I picked Bard as my first D&D 5e character because: they were a full spellcaster, and they seemed to have a lot of cool features they could use for support, so I wouldn't have to be the heavy hitter in combat. The flexibility of the role appealed to me as well, and just the whole sneakiness of Magical Secrets giving me access to whatever I wanted, so I could develop the character in whatever direction I chose. It's worked, as I'm still enjoying the character (although I would have developed him in a few other directions had I known then what I know now.)
Ironically, it's not even about the class' typical flamboyance and charisma. My character's actually a lore bard, so rather than focus exclusively on music, song and dance, he's more of a storyteller; words are his tools, and even the verbal component of each of his spell is a key word or phrase which invokes the magic. Casting Raise the Dead? "ARISE!" Wall of Force? "IMPERVIOUS!" Even Major Image demands a "BEHOLD!"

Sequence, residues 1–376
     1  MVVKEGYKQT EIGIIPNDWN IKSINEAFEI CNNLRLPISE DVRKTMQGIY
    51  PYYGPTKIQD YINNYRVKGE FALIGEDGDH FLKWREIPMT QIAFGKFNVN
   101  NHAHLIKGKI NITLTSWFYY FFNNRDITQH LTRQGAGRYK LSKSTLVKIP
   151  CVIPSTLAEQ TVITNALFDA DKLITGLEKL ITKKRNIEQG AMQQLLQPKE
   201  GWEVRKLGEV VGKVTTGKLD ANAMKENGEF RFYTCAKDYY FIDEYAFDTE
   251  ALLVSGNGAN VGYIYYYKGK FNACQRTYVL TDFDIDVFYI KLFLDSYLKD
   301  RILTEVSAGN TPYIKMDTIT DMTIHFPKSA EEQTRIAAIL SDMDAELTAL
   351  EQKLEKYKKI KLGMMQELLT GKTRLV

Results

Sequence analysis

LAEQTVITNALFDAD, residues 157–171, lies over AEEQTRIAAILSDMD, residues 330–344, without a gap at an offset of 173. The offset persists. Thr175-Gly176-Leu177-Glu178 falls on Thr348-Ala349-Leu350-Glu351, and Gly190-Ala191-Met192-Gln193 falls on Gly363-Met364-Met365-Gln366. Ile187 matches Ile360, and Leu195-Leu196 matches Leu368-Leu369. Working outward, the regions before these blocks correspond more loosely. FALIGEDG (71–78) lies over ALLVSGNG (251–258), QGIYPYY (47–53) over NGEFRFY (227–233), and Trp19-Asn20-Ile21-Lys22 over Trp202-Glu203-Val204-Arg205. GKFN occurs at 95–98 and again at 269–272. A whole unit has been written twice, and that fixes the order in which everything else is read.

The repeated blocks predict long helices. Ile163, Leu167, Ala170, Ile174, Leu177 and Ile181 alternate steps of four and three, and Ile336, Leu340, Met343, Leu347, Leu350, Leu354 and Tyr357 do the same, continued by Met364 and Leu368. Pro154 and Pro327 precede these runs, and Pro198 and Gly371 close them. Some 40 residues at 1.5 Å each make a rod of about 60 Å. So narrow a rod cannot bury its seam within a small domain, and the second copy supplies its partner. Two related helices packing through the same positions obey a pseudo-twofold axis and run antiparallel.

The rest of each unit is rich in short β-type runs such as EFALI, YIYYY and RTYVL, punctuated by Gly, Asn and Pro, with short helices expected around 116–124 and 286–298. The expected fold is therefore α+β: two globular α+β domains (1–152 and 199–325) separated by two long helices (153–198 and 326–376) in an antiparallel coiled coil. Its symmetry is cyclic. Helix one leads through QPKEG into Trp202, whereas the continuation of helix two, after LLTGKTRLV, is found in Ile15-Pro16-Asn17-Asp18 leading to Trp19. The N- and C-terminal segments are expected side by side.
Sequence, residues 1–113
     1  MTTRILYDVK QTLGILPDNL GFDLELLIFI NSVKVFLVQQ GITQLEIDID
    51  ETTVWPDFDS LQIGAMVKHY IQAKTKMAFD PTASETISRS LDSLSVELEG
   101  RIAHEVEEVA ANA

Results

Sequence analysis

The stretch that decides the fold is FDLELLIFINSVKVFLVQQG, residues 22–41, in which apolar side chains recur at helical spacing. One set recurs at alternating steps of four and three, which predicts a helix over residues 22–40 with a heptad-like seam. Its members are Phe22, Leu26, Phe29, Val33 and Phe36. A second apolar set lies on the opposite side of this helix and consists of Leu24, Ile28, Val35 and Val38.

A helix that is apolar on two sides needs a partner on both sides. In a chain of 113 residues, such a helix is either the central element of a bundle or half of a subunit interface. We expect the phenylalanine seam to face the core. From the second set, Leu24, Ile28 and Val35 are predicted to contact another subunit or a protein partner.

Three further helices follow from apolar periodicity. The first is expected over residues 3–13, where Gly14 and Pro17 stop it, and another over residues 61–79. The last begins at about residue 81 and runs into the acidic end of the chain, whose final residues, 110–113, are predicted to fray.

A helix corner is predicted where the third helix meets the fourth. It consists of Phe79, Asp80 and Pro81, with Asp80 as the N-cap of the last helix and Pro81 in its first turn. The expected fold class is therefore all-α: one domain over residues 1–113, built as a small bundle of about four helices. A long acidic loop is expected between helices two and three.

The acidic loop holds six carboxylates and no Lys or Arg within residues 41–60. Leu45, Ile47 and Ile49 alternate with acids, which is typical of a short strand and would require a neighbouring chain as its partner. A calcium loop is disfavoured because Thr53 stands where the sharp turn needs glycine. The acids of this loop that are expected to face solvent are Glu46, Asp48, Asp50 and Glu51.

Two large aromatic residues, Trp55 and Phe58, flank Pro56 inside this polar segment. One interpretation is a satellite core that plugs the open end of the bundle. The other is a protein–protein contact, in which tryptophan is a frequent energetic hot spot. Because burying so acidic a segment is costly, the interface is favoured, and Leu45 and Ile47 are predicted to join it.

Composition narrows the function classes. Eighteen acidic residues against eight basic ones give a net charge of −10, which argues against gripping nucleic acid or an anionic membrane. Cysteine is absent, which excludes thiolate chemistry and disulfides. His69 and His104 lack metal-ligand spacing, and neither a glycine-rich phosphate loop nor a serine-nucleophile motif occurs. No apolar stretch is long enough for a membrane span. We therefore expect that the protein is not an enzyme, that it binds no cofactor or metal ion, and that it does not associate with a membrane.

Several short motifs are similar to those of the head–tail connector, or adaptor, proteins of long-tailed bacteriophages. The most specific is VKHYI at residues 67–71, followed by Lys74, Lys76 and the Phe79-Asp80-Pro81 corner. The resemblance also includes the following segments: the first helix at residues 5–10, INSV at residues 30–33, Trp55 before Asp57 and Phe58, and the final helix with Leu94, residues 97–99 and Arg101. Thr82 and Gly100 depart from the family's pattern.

Admittedly I avoided Bards for a long time. I'm a professional musician and figured playing a Bard in game would be too cliche.
However if you're looking for a character with a wealth of options both in combat and in role playing, then Bard is a great choice! Early in 5e I finally went Bard because I wanted to be able to try out lots of abilities in one character. A swashbuckling, singing, magic wielding performer? Sign me up!
I'm not gonna lie, most of my knowledge about bards before I actually got into DnD was through memes and shitposts that made the class seem super on brand for me as a person. What really set my love for bards in stone was when my character helped defeat a harpy by singing Mamma Mia loudly enough to drown out the harpy song so that the rest of the party wouldn't fall under her spell and my DM gave me an extra like 200 XP for it. So to put it simply, bards are just fun